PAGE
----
Monday, July 16, 2012

Applying Logic in Debate

A Logic Primer
Without getting into a full-blown discussion of theories of syllogistic logic, I would like to do a very brief overview in order to introduce the concepts and terminology I will be using.  Briefly, a syllogism is a conclusion that is reached by the use of logic.  A classic illustration of a categorical syllogism would be, All humans are mortal, all debaters are humans, therefore all debaters are mortal.  In this logical syllogism we have what some call a major premise or general rule: All humans are mortal and a minor premise or specific case: All debaters are human. Finally there is the conclusion: All debaters are mortal.  Looking at the conclusion, we have a subject, all debaters, and a predicate, are human.  The subject appears in the minor premise (all debaters) and the predicate appears in the major premise (are mortals).  The major and minor premises are linked by a middle term: humans.  Therefore, I can express the syllogism thus:

m + P -> middle term (m) + predicate (P) -> major premise
S + m -> subject (S)  + middle term (m) -> minor premise
S + P -> subject (S) + predicate (P) -> conclusion

Given any two of the three parts, it is trivial to derive the missing information. For example, if we conclude all debaters are mortal is a true statement, and we are told all debaters are human, we can understand all humans are mortal.  If we are given only the conclusion, we can partially derive the premises but we need to supply the middle term (link).  For example given: All debaters are mortal and knowing which parts of the conclusion are subject and predicate we begin to reconstruct the premises:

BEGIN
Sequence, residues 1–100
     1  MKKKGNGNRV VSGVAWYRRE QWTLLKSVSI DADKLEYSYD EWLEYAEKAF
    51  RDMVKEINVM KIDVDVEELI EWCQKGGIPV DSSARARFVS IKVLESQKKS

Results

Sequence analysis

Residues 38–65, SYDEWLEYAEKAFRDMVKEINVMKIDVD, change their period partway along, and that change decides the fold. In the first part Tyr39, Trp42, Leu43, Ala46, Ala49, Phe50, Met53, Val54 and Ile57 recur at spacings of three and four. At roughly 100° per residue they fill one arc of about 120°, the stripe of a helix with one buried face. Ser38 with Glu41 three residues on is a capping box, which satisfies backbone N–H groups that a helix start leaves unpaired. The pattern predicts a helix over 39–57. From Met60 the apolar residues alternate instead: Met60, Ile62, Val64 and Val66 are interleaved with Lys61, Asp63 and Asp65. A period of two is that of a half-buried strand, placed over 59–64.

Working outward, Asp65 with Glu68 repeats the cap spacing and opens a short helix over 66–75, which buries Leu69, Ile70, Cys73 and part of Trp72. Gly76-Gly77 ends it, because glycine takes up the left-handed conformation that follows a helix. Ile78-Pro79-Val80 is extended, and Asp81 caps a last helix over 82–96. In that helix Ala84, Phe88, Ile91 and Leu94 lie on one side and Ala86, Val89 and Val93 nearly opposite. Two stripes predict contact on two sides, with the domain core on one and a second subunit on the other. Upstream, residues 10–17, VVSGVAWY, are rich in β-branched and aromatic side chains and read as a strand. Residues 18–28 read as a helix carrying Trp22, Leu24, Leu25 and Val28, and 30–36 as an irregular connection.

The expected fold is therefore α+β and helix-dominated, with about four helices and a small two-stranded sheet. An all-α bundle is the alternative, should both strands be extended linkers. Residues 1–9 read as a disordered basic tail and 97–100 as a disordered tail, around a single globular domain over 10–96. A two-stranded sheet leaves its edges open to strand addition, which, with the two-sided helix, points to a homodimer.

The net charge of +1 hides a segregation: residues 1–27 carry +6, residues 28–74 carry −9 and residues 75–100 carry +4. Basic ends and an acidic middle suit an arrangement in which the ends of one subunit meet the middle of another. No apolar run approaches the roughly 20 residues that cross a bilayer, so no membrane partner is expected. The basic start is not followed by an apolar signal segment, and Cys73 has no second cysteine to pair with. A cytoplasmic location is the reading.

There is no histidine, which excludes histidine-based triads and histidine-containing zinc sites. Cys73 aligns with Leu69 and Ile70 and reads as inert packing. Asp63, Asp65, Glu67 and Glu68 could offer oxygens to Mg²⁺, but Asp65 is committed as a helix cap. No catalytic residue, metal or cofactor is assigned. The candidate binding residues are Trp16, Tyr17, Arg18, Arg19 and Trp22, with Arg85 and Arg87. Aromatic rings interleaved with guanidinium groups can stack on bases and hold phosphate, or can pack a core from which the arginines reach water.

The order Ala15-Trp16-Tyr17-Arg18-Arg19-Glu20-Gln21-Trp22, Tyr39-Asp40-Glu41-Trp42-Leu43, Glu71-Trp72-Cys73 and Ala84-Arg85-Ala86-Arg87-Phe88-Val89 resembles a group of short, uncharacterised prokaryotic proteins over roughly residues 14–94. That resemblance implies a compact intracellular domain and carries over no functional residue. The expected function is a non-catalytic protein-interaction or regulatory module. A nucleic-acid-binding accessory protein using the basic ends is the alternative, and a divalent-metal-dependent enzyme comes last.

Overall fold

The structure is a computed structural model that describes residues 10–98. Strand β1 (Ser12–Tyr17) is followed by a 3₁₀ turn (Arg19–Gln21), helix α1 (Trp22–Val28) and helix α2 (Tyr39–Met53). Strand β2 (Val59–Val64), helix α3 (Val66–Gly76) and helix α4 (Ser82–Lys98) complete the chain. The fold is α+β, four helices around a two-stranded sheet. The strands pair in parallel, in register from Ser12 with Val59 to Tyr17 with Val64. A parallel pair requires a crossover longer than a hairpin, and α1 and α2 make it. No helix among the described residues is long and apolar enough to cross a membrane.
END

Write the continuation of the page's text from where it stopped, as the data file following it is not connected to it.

(middle term) are mortal
All debaters are (middle term)
Therefore All debaters are mortal.

To make the conclusion, true we must supply the missing middle term (link) which in this case, was originally, "human".

The Syllogism Must Be True
In order for the syllogism to be true, the premises which lead to the conclusion must also be true.  This is very important to understand, especially in a debate round context in which it is desired to prove conclusions based on premises backed by evidence or common knowledge.  To conclude that all debaters are mortal, the rule, all humans are mortal must first be true.  While we can claim this is common knowledge, we can also present scientific and statistical evidence that every species has a finite life-span.  Next, the specific case must also be true and based on years of observations we can state categorically (despite possible doubts) that all debaters are indeed, humans, a species with a finite life-span.  So given these truths, we reach the inevitable conclusion that all debaters are mortal.  In the example, we have used the qualifier "all" in stating all humans, and all debaters but sometimes, a different qualifier is used which greatly affects the conclusion and in some cases means no conclusion can be reached.  For example, if we say some humans are mortal and all debaters are human, we can not conclude ALL debaters are mortal as only SOME humans are mortals, so some may not be mortal.  Other qualifiers also change the conclusion. If we say all humans are mortal, and no debaters are human then we can not reach any conclusion about the mortality of debaters.  It is recommended you research syllogisms to understand more completely how qualifiers can affect the conclusions.